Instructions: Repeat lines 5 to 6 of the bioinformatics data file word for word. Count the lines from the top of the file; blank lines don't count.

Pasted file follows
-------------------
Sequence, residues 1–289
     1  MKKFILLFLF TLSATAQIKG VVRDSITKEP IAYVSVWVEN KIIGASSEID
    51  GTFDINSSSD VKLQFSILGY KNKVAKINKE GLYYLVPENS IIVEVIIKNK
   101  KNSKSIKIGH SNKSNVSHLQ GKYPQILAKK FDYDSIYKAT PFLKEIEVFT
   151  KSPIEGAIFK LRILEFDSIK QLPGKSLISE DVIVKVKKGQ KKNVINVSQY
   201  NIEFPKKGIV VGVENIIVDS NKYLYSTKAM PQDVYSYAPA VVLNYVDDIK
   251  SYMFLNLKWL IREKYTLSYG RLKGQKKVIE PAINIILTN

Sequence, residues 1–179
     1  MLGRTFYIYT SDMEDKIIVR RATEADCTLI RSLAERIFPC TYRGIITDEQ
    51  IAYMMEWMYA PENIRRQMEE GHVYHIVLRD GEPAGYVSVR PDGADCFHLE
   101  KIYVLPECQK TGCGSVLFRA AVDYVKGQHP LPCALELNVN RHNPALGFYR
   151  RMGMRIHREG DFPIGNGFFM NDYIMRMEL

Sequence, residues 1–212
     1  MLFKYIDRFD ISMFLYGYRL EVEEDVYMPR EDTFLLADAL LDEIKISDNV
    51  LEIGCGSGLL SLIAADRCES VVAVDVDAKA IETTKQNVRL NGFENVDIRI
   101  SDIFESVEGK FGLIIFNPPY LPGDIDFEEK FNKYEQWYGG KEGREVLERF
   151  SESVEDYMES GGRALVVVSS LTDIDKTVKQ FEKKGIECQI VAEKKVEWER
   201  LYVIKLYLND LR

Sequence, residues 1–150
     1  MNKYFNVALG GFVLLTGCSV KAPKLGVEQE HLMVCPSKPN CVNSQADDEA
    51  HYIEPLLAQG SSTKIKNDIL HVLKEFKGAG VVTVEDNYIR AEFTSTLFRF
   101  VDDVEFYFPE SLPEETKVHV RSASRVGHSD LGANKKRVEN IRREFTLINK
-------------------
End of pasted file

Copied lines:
   151  KSPIEGAIFK LRILEFDSIK QLPGKSLISE DVIVKVKKGQ KKNVINVSQY
   201  NIEFPKKGIV VGVENIIVDS NKYLYSTKAM PQDVYSYAPA VVLNYVDDIK